D&D 5e’s answer to the xenomorph facehugger, Intellect Devourers are basically brains on legs created by mind flayers.
In a fantastic display of weird-science-body-horror that honestly feels more like Stuart Gordon’s Re-Animator than Geiger’s Alien aesthetics, Intellect Devourers can drain away your characters’ Intelligence, and then, when you’re too braindead to do anything about it, the devourer “magically consumes the target’s brain, teleports into the target’s skull, and takes control of the target’s body.”
For a CR 2 monster with just a smattering of hit points, the Intellect Devourer is a terrifying source of instant character death. Perfect if you’re doing a The Thing-style bodysnatcher adventure.
Barely a foot tall and with a single hit point each, Pixies shouldn’t be as threatening as they are. However, upset them at your peril.
Each Pixie (in addition to being able to cast druidcraft at will) can cast confusion, dancing lights, detect evil and good, detect thoughts, dispel magic, entangle, fly, phantasmal force, polymorph, and sleep once per day.
That’s an amount of spellcasting (polymorph is a 4th-level spell that can effectively render even the most powerful enemies helpless, and sleep is basically free license to go around stabbing defenseless people to death) that most wizards can’t start to approach until they’re 7th level.
I know of no monster that will convince a party of adventurers to turn tail and run the other way that the humble rust monster.
While there’s very little chance of this creature killing anyone, the fact that the merest touch will turn the party’s weapons, armor — even their money if you’re feeling especially evil — to useless piles of reddish oxidized metal is somehow way more threatening.
Another deceptively deadly creature, the Shadow has a sanitized (but still deadly) version of an ability that used to define all powerful undead in past editions of D&D.
When the Shadow hits a creature, it automatically (no saving throw, nothing) drains away 1d4 of the target’s Strength.
That’s right, this entry-level undead that’s billed by its CR as being barely more of a threat than a Skeleton can eat your freaking stats.
Then, if you get lowered to 0 Strength, you instantly die, and if you weren’t evil, you rise as a shadow.
Couple that with the fact that Shadows can move through a space as narrow as 1 inch wide without squeezing and their ability to be virtually undetectable in dim light, and you’ve got a truly terrifying low-level encounter.
Tier II – Heroes of the Realm (Levels 5 – 10)
The period between 5th and 10th levels is where adventurers start facing off against the kinds of threats that could threaten entire kingdoms rather than just the local village.
This is also the point in the game where it becomes more common that you fight factions rather than monsters — an evil cult, a thieves’ guild, and so on — so finding a solo monster that can potentially stand up to a party in the 5- to10th-level range is always a refreshing thing.
Right at the top end of the CR bracket, the Aboleth is kind of the full package as an enemy.
They’re highly intelligent, so they make for good villains; they usually dominate “lesser” life forms, so they’re usually at the head of a faction; and when the time comes to actually fight the party, they’re… well, a giant nightmare squid.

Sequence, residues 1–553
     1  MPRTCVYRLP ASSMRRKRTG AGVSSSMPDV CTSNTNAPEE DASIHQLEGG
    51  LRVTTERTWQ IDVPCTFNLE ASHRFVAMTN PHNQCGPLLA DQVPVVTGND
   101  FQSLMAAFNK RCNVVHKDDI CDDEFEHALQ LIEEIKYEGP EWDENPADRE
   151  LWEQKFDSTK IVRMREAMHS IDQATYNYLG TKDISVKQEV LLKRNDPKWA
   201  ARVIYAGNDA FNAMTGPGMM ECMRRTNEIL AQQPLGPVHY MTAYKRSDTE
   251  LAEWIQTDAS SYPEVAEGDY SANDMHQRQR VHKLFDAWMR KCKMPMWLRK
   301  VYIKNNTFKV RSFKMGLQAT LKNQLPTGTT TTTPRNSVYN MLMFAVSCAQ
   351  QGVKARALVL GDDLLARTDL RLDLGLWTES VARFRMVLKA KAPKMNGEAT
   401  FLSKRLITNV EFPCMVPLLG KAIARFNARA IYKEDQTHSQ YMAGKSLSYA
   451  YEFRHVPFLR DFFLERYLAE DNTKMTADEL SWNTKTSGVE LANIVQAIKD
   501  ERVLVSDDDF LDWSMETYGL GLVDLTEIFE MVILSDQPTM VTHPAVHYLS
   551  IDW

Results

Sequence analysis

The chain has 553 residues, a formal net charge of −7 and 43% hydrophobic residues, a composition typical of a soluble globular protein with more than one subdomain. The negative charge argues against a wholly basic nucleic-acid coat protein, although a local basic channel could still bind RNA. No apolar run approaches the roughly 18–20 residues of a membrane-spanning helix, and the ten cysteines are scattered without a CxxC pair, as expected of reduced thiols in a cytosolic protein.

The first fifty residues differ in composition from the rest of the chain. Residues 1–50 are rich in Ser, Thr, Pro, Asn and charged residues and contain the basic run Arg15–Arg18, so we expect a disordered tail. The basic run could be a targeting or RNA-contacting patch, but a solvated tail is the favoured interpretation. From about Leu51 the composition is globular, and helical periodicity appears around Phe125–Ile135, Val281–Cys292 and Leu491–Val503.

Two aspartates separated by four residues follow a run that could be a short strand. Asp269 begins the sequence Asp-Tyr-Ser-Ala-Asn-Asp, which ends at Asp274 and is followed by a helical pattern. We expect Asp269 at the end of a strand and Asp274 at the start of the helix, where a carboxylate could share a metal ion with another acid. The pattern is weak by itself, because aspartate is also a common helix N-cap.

And none of that is why Aboleths are such dangerous enemies to fight. Their true lethality lies in their ability to dominate the minds of up to three creatures per day, turning them against their allies.
Also, if you get too close to them, they can make you sprout gills and need to breathe water for a few hours, which is weird, and gross, and I love it.
Honestly, the Bodak might be my favorite monster in all of D&D 5e and not just because it looks like the guy from Edvard Munch’s The Scream crawled through H.R. Geiger’s nightmares to come and kill me.
Bodaks have a suite of necrotic damage-dealing mechanics that feel really… fresh and unique. They also make it feel like a genuinely scary thing to fight.
It has an aura that sucks the life right out of you, dealing an automatic 5 necrotic damage for every turn you spend within 30 feet of the Bodak.
Its true signature move, however, is its Death Gaze.
Any creature that starts its turn looking at the Bodak has to make a saving throw to avoid a chunk of necrotic damage and, if they fail by 5 or more, they are immediately knocked down to 0 hit points.
When I want to run a combat encounter that feels genuinely scary — right when my party’s characters are getting to the level where they start to think they’re actually powerful — I throw a Bodak into the room.
Usually, monsters at around the CR 5-7 level have one or maybe two “showstopper” abilities.
The Catoblepas has three: its noxious stench can poison anyone who gets too close and fails a Constitution saving throw, its clubbed tail has a chance to stun anyone it hits, and, for the piece de resistance, it has a freaking death ray.
Yeah, forget about a dragon’s breath attack; the Catoblepas either does 8d8 damage on a failed save or half as much on a successful one, and if the target fails by more than 5, it does a full 64 necrotic damage and instakills anything reduced to 0 hp.
Considering how tanky player characters tend to be when fighting CR 5 beasts, that’s basically a guaranteed player down — maybe even a TPK.